This is the second part of a three-part series on miscarriage. Read part 1 on how to support a friend who has gone through a miscarriage. Part 3 will discuss spiritual considerations during miscarriage. 

The information contained in this post may be difficult to read. 

If you are reading this because you are in the midst of losing a baby, I am so sorry. Know that you are not alone. 

The following considerations are meant primarily for those experiencing a miscarriage prior to 20 weeks. Though this post does contain some medical information, these considerations were not written by a doctor and do not constitute medical advice. 

  • If you are pregnant and have started exhibiting the signs of miscarriage including bleeding and cramping, call your doctor immediately.[1]
  • If the doctor orders an ultrasound, ask the ultrasound technician to print out a picture of your baby for you.
  • If the ultrasound determines your baby has died and the doctor recommends going home, be prepared for pain and bleeding. 
  • Depending on how far along you were in your pregnancy, your pain and bleeding levels may vary. Be certain to check in with your doctor to make certain you are not in too much pain or bleeding too much.
  • Heating pads and hot water bottles can help ease the pain during a miscarriage. 
  • Stay hydrated by drinking plenty of water. 
  • Depending on how severe the cramping is and how far along you are it may be helpful to also use some labor techniques, as what you are experiencing is a “mini labor.” Low lighting, swaying or leaning on a birthing ball, emotional and physical support of your spouse/massage, deep breaths, offering your suffering for someone in need, having a spouse or partner read from Scripture or pray with you are all helpful ways to endure this time.
  • Call your doctor immediately if you are experiencing vomiting and diarrhea. 
  • As you prepare for or experience bleeding, use pads—not tampons—to prevent infection.
  • If you are miscarrying at home, consider placing a bowl in the toilet to ensure your baby’s remains will be treated with dignity. If you are not able to do this, know that God sees your heart and knows how much you love your child. 
    • These pictures are graphic, but they are extremely helpful if you would like to identify the baby. To view them, click here.  
  • You may see your child’s body. Be certain to treat the body with respect by placing the remains in a container. Heaven’s Gain Ministries offers beautiful baby caskets for babies miscarried in the first, second, and third trimester. A container or box that you have at home will work as well. Be aware that your child’s remains will likely begin to disintegrate very quickly.    
  • If you have a miscarriage at a hospital prior to 20 weeks, your child’s remains will likely be taken for testing. State laws differ on releasing the child’s remains to parents. Do not be afraid to ask if you may take the remains for burial. Do not be afraid to ask for a death certificate for your child. If you are at a Catholic/Christian hospital, the hospital itself may have a place where miscarried babies can be buried. If not, your local cemetery or church may have a place. Click here for more information on parents’ rights/dealing with the hospital.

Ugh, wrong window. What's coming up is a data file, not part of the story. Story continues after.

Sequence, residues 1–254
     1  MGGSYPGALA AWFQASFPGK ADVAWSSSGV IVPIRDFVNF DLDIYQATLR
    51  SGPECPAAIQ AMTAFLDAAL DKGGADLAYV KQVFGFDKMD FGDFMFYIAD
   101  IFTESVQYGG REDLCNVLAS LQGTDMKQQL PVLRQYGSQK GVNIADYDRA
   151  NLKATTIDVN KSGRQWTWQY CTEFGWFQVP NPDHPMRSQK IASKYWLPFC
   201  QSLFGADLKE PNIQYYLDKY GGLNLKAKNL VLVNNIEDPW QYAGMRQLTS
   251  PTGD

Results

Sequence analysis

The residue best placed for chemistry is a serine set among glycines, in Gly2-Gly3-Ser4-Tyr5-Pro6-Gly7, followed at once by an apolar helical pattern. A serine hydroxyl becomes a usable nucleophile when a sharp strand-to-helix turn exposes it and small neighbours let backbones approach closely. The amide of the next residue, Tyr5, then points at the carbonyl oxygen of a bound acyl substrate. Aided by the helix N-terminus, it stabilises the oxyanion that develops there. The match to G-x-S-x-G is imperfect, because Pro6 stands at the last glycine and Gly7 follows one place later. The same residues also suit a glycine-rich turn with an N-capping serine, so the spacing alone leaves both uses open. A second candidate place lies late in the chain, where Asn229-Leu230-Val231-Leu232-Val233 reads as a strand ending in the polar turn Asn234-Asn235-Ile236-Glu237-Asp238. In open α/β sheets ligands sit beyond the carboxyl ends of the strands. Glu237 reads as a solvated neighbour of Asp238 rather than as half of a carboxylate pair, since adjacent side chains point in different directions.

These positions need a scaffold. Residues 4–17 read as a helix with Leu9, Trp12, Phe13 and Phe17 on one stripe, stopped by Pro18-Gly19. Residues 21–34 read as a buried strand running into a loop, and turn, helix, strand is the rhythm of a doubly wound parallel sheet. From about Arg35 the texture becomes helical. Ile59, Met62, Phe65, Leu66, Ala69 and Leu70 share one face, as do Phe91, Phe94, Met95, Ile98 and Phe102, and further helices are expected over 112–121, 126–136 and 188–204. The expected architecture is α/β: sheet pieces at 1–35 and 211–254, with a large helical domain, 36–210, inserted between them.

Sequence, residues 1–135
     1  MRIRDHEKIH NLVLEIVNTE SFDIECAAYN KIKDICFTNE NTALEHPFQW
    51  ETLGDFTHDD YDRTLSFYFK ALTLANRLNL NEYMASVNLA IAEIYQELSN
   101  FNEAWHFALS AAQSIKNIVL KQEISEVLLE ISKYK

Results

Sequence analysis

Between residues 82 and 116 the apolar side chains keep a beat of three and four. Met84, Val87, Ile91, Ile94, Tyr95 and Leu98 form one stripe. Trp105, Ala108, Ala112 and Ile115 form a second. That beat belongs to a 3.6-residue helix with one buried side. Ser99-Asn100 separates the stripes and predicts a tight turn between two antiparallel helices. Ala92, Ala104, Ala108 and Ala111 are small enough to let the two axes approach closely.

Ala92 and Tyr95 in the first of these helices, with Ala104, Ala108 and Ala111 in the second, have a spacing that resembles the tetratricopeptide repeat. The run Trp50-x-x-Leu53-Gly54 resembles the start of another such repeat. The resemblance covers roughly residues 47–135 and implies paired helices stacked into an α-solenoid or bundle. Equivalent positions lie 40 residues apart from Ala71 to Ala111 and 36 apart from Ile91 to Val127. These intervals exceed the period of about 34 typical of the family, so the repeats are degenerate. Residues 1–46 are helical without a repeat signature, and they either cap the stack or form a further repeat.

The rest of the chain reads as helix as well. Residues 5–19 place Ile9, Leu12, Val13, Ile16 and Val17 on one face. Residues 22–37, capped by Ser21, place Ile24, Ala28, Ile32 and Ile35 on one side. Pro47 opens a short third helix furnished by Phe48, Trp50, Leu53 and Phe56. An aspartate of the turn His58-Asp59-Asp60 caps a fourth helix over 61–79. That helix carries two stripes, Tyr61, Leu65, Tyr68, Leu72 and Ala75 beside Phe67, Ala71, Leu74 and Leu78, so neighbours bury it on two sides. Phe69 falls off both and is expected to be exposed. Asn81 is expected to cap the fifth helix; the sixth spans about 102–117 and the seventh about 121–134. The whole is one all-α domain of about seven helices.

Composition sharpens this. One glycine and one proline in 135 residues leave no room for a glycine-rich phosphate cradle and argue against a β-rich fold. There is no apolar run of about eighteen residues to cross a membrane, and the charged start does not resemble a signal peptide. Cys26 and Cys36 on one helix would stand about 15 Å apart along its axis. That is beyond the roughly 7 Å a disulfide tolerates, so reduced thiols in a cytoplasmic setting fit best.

• If you miscarried at home prior to 20 weeks and you bring your child’s remains with you to the doctor for a follow-up appointment, the doctor may ask if you would like to have testing done on your child. You have the right to refuse or consent. Know that if testing is done on your child, you may not receive your child’s remains back. 
  • If you do not miscarry naturally, you may need a dilation and curettage (D&C) procedure or a dilation and evacuation (D&E) procedure. If this is the case, be CERTAIN to have one more ultrasound before the procedure is done to ensure that your baby’s heartbeat has stopped completely. 
  • Following the miscarriage, rest. You have been through a traumatic experience. Your body needs time to heal and recover. You have been on an emotional rollercoaster. The loss of your child is devastating, and the hormones that are shifting in your body do not make it easier. 
  • Allow yourself to grieve and experience all the emotions that come with it. Seek emotional support. Take time alone if you need it. Everyone’s journey is different, but don’t be ashamed to ask for help. 
  • Do not be surprised if seemingly unrelated events or objects trigger a strong emotional response or if grief comes at unexpected times. 
  • Advocate for yourself and ask for time off work if needed. Talk with your boss (or if that doesn’t work, then HR directly). A few programs you can inquire about are: Personal Leave, Bereavement, FMLA/Short Term Disability. When speaking with your employer do not say, “Can I...” but rather “I had a miscarriage. I need (time frame) off. What are my options?”
  • Know that a pregnancy test may still read positive for a period of time after a miscarriage. 
  • Know that you may re-experience all the emotions and feelings surrounding your miscarriage when you first get your period back. You may even find that you feel like you are going through a miscarriage all over again. Communicate with your spouse about your fertility to prepare him for this as well. Again, don’t be afraid to ask for support from those who care so much about you. 
  • Check in with your doctor regularly to ensure you are recovering properly. 
  • You will likely have questions about fertility after the loss of a child through miscarriage or about when it is safe to try to become pregnant again. FACTS has a very helpful resource.  

For more information on the physical experience of miscarriage, click here.



[1] Research has been done on the link between low progesterone and miscarriage. Progesterone supplementation may help sustain a pregnancy/avoid miscarriage. There will be a blog forthcoming on this for those who are interested.